Kierkegaard's Vision of the Incarnation

Kierkegaard's Vision of the Incarnation

Kierkegaard's Vision of the Incarnation

Kierkegaard's Vision of the Incarnation

Synopsis

In this study of the works of S/oren Kierkegaard, Murray Rae focuses on his understanding of the Christian faith and the nature of Christian conversion. He looks particularly at the transformation of an individual under the impact of revelation in terms both of the New Testament concept of metanoia and in comparison with claims to cognitive progress in other fields.

Excerpt

From the rather difficult elucidation in chapter 3 of his claim that no philosophy has ever given rise to the idea of the incarnation, Climacus proceeds, in chapters 4 and 5, with a discussion both lucid and straightforward about the incapacity of historical investigation to establish the truth of Christian faith. Against the background of Lessing's demurral at the theological traverse of the great ugly ditch separating contingent truths of history from eternal truths of reason, and in the context of various nineteenth-century attempts to extricate the 'historical' from the 'theological' material of the gospels, Climacus sets out in chapter 4, to consider whether the disciple who was contemporary with the God-Man possesses any advantage for faith, and correspondingly, in chapter 5, whether the logic of conversion must somehow be adjusted for the sake of those who are temporally remote from the historical actuality of the God-Man.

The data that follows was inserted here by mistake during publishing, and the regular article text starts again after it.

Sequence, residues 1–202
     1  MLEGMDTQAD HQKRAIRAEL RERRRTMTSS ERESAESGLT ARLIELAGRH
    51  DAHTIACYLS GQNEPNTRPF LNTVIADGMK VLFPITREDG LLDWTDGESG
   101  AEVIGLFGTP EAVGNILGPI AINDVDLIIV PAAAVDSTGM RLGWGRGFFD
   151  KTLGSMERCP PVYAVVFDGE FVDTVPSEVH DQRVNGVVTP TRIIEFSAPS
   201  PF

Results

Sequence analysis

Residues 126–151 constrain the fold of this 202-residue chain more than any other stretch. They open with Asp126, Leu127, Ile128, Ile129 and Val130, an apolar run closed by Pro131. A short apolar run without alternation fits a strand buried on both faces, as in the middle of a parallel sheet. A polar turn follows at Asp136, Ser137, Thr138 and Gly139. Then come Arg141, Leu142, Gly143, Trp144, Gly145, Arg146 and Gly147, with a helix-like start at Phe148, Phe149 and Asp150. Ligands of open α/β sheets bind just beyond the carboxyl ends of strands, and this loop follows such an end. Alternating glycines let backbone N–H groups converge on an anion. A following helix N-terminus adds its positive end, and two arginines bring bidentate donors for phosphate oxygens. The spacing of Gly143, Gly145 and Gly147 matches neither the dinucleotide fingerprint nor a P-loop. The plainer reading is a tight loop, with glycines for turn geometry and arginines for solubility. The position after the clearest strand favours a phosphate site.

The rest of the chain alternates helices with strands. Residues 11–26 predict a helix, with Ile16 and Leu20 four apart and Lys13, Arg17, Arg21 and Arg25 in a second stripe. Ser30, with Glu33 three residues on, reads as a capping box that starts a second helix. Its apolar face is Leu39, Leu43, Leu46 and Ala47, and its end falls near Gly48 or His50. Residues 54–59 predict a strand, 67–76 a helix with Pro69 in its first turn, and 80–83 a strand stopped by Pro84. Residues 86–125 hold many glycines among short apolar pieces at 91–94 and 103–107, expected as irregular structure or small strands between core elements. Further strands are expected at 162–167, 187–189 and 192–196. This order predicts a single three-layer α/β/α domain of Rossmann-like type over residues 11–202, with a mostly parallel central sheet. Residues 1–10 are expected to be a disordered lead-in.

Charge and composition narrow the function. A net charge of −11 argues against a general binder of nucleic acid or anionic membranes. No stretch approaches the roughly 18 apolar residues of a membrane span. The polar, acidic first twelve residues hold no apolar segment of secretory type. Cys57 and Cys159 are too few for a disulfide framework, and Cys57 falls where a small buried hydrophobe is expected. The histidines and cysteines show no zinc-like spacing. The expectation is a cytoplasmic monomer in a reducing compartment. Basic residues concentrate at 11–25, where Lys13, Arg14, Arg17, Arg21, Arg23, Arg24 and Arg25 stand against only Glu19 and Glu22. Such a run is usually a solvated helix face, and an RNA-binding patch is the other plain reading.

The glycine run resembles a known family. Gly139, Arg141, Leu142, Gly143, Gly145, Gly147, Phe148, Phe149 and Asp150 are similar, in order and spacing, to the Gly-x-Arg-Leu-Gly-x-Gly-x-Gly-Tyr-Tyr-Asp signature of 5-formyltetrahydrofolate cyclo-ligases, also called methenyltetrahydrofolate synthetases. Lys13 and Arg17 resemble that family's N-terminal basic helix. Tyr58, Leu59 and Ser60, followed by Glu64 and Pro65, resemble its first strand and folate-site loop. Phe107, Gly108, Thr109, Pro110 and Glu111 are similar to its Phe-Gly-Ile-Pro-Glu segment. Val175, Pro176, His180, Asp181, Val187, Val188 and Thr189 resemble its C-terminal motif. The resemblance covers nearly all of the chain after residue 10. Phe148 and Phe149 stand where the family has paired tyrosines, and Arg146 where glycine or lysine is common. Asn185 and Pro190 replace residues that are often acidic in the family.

On the title page of Philosophical Fragments, Johannes Climacus had posed three questions: 'Can a historical point of departure be given for an eternal consciousness: how can such a point of departure be of more than historical interest; can an eternal happiness be built on historical knowledge?' We have seen in the thought experiment of chapter 1 that Climacus offers an affirmative answer to the first of these questions. When the eternal God becomes a subject within time and takes upon himself the conditions of human finitude then, in the language of the thought experiment, the moment in time becomes decisive. It is not simply that the presence of God in time serves as the occasion by which humanity learns of its own relation to the eternal, as Hegel would have it, thus becoming the subject of only passing historical interest. Rather the event of God's participation in history is to be regarded as the conditio sine qua non of salvation. It is the event which establishes rather than merely informs us of humanity's soteriological relation with the eternal God. Climacus affirms, therefore . . .

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